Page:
We are now only a matters of days away from one of the most anticipated sporting events of 2017.
Conor McGregor and Floyd Mayweather go head-to-head at the T-Mobile Arena in Nevada on August 26, with the Irishman set to contest his first professional boxing bout in the ring.
While McGregor is one of the most decorated UFC fighters of all time, the Money’s 49-0 boxing record will take some beating.
Here, our two writers have their say on the multi-million dollar encounter.
Do you agree with their verdicts?
ANDY LEWIS SAYS YES
This Saturday’s main event is many things – a vulgar cash grab, an overblown farce that nobody actually asked for and a loathsome marriage between two of sport’s most narcissistic characters being chief among them. The one thing it certainly isn’t, however, is a competitive fight.
Conor McGregor will take a beating.
But then again, with him expected to trouser $75 million, it’s a beating he will be extremely happy to take.
Floyd Mayweather isn’t even trying to conceal the fact this fight is a sham, saying last month: “They’re going to talk about this business move at Harvard.”
If people are so naive that they will ignore such statements and part with money to watch it then more fool them.
But don’t expect actual sporting competition.
If Mayweather doesn’t hold back then the length and pattern of the fight will depend on McGregor’s chin, fitness and pain threshold.
Mayweather has spent the last two months preparing for the 50th fight of a record-breaking 20-year career in professional boxing which has seen him win 15 world titles across five weight categories.
McGregor has spent the last two months learning how to box.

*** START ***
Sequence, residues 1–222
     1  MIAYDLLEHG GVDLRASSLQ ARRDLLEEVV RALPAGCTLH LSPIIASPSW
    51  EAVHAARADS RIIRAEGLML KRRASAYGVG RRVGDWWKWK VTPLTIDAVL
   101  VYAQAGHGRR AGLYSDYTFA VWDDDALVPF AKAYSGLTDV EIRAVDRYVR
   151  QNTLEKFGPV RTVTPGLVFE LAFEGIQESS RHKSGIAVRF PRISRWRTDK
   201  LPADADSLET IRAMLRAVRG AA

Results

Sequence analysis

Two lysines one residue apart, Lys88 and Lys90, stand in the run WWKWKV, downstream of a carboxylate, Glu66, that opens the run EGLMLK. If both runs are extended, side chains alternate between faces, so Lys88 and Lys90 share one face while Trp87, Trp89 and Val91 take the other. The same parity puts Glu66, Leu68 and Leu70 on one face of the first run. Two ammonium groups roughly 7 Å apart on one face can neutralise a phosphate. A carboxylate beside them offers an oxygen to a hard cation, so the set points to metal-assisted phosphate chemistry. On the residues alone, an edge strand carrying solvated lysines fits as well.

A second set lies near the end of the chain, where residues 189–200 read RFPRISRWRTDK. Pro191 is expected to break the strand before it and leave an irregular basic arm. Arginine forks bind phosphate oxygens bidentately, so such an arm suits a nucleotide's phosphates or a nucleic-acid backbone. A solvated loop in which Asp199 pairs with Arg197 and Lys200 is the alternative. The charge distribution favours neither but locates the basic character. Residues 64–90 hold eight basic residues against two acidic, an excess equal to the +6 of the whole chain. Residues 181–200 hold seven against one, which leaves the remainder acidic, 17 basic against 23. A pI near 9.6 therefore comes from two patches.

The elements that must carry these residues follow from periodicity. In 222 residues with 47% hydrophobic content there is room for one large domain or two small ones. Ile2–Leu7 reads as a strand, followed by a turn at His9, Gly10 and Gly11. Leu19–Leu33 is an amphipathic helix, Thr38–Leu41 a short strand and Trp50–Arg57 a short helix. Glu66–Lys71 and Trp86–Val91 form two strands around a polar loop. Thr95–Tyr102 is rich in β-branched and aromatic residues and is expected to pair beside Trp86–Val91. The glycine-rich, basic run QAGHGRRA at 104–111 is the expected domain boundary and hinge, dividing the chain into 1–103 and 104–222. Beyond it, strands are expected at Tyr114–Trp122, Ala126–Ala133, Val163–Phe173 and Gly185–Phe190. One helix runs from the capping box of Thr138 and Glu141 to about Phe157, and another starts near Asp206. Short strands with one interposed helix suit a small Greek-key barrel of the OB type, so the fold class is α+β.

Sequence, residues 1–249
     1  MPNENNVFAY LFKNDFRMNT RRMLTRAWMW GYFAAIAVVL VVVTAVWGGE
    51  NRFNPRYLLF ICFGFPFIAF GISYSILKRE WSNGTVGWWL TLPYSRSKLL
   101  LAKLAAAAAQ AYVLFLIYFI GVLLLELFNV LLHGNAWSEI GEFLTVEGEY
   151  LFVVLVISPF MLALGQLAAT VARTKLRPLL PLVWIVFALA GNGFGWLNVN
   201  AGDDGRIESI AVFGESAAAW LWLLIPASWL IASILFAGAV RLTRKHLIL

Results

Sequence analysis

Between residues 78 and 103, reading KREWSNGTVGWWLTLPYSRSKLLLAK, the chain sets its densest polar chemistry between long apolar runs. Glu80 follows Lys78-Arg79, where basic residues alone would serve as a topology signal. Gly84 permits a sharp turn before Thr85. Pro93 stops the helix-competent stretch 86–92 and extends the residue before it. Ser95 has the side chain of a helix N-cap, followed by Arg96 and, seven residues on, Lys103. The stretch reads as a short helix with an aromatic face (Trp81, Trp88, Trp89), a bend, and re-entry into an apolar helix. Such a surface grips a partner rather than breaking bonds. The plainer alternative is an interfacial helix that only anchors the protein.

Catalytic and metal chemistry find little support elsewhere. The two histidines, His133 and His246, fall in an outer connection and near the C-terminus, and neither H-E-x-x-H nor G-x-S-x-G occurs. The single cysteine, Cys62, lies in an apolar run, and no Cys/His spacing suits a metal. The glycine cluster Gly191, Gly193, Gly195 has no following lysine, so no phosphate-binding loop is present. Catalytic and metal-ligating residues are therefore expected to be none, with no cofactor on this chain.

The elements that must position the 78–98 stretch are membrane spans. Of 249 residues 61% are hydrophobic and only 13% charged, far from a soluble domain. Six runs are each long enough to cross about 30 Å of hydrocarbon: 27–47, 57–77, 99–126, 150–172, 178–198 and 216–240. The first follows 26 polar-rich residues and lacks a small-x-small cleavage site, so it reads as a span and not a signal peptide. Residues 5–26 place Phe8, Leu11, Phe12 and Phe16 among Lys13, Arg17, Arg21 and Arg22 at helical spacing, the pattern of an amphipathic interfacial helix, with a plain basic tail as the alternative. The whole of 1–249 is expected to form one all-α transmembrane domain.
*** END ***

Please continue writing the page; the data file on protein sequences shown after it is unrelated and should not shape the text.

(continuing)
That is all that needs to be said. There is no need to further break it down. McGregor would dominate Mayweather in the cage.
Mayweather will dominate McGregor in a boxing ring.
The saving grace for the Irishman is that he is facing a 40-year-old who is smaller than him and also has brittle hands and a defensive style. That might buy him some time. If he went in with a younger, active champion about the same size as him, say Gennady Golovkin, he’d be obliterated inside a round.
To ask whether he will be embarrassed is a subjective question. Landing a couple of shots and getting through the opening few rounds would surely be a moral victory of sorts.
Unfortunately for McGregor that decision will be for Mayweather to take, and he’s not really known for his compassion.
ALEX REA SAYS NO
The notion Conor McGregor will embarrass himself is in vogue because of the opinion boxing and MMA are completely different sports. And while there is an element of truth to that, the fact is McGregor has long laced up boxing gloves and danced around a squared circle in training, while the sweet science has been a fundamental part of his success in the Octagon.
Columnists have been attracted to the use of hyperbole in describing the fight as like a cricketer trying to play baseball or whichever exaggerated parallel they draw upon. But McGregor and Mayweather are much closer and in reality the fight is between one of the best strikers in MMA, a fighter in his prime who you could consider a mid-level boxer against a pound for-pound great who has been dormant in retirement and is 40.
From a physical standpoint, the tale of the tape bridges the gap further as the Irishman will be longer, stronger and potentially fitter. He also thrives on blockbuster occasions and the bigger the event, the better his performance – Nate Diaz 2, Eddie Alvarez and Jose Aldo are fights which point to that.
Mayweather’s slick skills and experience will lead to a victory, let’s not carried away in regards to the result because it’s practically predetermined. But McGregor will have his moments. There will be occasions when he’ll land his lethal left hand and will make it a fight.
It won’t take much to constitute a success, either; a sign of frustration across Mayweather’s face or an early backward step while rocking him.
The expectation is so low, it will need a KO in the early rounds for an embarrassment, and that’s as improbable as the Irishman winning.
Victor Ortiz aside, Mayweather hasn’t scored a stoppage in 10 years and his hand injuries coupled with a defensive approach will mean McGregor survives until the deeper rounds.
He will be beaten, but embarrassed?
Certainly not because in a spectacle of this magnitude the small wins will prove much bigger.